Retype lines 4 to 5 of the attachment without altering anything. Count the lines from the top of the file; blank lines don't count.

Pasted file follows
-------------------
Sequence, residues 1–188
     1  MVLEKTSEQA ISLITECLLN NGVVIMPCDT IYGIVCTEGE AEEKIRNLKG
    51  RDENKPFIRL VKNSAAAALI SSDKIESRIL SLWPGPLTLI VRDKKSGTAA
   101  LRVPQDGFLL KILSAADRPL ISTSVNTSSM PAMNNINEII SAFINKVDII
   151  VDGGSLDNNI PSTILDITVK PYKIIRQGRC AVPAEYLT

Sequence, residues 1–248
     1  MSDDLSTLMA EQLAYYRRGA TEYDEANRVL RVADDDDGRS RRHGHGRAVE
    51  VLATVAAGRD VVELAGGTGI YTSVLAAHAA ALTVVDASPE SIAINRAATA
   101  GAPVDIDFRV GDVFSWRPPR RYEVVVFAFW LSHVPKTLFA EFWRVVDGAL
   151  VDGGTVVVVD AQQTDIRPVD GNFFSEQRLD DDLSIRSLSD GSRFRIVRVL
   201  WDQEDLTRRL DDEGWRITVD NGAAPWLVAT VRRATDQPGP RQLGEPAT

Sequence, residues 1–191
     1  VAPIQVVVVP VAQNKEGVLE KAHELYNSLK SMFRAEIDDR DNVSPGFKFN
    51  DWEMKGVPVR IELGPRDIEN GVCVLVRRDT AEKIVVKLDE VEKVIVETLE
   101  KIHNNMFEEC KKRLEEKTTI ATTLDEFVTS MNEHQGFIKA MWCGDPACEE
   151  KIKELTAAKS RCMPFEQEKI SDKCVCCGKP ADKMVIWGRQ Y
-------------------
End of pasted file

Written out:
   101  LRVPQDGFLL KILSAADRPL ISTSVNTSSM PAMNNINEII SAFINKVDII
   151  VDGGSLDNNI PSTILDITVK PYKIIRQGRC AVPAEYLT